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National Trust Volunteers Resign Over Mandatory Diversity Training

National Trust Volunteers Resign Over Mandatory Diversity Training
14 April 2021
 

According to a report in The Telegraph, mandatory unconscious bias training has led to several resignations at the National Trust.

Some volunteers have taken issue with the fact that the training is compulsory even for those not public-facing.

The training aims to examine unintended biases, and includes exercises on how to avoid unconscious bias when making initial judgements about people and is run alongside other subjects such as safeguarding, fire safety and data protection.

Volunteers are asked to complete the course before returning to work, alongside COVID-19 safety training. This has been policy for several years, according to a National Trust spokesperson.

The National Trust's diversity and inclusion commitment aims to create "a fair and equal society, free from discrimination", particularly in light of the Home Truths report on systemic racism in the charity sector.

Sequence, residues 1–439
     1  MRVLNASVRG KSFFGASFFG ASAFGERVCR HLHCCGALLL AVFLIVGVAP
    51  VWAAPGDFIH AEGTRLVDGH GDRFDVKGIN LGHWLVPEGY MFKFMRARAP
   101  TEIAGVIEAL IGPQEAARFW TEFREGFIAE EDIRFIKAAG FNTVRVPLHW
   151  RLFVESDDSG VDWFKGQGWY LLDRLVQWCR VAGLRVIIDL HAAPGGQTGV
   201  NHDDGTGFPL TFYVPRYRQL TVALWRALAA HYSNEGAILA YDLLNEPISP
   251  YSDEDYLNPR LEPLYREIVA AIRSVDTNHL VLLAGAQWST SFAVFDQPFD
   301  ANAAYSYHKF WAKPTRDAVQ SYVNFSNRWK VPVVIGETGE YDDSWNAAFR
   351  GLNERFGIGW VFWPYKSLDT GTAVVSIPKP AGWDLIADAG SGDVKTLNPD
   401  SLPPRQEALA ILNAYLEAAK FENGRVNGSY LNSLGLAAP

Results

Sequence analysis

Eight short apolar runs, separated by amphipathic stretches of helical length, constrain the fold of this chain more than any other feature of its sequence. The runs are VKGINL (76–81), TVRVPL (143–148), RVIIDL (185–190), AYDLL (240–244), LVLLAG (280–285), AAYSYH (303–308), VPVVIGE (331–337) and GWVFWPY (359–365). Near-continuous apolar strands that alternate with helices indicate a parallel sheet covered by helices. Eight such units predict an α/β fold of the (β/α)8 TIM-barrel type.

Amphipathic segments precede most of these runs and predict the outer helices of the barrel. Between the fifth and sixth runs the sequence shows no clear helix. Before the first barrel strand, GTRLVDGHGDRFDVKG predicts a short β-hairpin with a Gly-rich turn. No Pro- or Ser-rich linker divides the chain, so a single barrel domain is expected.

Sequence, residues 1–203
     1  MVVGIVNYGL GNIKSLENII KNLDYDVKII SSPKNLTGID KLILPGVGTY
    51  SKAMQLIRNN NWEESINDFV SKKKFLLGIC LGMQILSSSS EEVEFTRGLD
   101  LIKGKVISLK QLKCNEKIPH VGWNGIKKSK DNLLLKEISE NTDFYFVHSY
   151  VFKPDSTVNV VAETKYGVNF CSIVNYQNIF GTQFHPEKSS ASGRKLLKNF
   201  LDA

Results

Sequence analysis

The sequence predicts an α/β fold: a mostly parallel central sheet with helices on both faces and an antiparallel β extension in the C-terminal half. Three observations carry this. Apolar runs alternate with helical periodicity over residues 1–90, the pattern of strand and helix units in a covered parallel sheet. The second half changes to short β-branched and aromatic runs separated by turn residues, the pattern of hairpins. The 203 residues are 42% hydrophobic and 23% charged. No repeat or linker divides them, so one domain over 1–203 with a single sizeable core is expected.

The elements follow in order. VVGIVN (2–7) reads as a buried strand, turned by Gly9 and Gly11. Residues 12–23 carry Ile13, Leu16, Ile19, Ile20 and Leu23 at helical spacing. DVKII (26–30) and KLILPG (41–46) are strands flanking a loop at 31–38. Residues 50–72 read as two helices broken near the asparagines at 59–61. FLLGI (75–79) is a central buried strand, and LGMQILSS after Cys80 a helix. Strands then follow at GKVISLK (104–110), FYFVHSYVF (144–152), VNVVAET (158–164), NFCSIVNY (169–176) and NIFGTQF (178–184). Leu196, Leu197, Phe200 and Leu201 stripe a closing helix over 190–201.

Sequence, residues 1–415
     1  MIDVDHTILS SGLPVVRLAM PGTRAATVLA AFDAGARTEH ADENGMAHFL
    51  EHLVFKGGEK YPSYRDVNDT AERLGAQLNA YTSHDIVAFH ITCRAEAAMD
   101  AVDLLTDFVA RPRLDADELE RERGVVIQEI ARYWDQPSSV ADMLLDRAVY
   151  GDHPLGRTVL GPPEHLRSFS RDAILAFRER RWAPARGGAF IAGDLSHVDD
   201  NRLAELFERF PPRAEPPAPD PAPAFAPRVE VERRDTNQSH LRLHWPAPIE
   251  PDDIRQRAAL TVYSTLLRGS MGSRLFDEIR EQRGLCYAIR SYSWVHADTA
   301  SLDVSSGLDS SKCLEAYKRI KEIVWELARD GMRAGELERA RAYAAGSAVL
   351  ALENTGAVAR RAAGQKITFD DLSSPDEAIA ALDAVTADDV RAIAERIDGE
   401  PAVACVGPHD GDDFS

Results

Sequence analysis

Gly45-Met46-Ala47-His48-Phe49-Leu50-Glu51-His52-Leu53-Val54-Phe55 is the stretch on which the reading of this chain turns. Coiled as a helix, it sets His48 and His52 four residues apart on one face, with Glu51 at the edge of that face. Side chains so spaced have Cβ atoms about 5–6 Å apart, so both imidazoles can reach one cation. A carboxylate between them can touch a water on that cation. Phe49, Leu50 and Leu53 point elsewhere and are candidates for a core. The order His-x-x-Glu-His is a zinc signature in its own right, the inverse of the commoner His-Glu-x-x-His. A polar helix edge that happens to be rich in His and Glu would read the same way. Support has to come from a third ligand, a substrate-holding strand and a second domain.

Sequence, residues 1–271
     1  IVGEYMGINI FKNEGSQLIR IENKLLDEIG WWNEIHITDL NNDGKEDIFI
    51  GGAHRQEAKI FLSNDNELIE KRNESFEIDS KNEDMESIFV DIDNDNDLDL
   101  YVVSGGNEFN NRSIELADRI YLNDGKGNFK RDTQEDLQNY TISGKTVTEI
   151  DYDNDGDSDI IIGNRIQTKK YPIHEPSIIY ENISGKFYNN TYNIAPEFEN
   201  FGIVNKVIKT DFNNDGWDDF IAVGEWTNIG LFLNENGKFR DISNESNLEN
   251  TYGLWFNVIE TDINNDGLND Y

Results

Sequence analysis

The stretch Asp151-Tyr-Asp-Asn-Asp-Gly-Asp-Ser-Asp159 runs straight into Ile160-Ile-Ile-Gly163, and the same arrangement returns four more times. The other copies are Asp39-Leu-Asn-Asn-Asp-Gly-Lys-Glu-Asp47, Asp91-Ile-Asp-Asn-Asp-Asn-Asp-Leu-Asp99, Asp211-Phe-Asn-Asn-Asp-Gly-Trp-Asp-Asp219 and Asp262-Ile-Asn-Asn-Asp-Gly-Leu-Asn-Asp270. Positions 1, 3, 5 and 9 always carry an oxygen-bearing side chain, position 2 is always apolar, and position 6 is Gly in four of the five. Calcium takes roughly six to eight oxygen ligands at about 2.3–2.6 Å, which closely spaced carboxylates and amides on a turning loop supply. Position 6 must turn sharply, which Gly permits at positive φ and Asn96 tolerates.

Non Customer-Facing Volunteers

 

A former volunteer told The Telegraph: “One is left to wonder how many potential volunteers will be put off by this policy, [and how many] existing volunteers who will call it a day rather than subject themselves to examinations.”

They also questioned why the course applied to all staff, even in roles where they feel it to be “irrelevant”.

 

Role Models and Diversity Champions

 

Several companies in the facilities management sector have, over the past decade, visibly promoted their diversity training for all staff (both public-facing and otherwise), citing the positive impact of such programmes.

Global service provider Atalian Servest has its own diversity and inclusion platform made up of three key networks: physical & mental health, race, ethnicity & faith, and LGBTQ+. Other companies in the sector such as JLL, Sodexo, ISS and Pareto FM offer similar resources.

Nia Bezuidenhout, Deployment Manager at Sodexo and the company’s Pride UK&I Network Co-chair told us in summer 2020 that it’s imperative that organisations have a strong diversity and inclusion vision, and must make that vision visible:

”Over 60 per cent of millennials now actively seek to work for organisations who are more LGBT+ inclusive because they feel that these organisations are far more progressive than those who are not active in this area.”

Bezuidenhout also stressed the importance of visible role models and having diversity champions in senior leadership teams:

“It’s important to have visible role models who can and are willing to share personal stories and raise awareness of issues that others may not have sight of."

Picture: a photograph of the exterior of Attingham House, a National Trust Property

Article written by Ella Tansley | Published 14 April 2021

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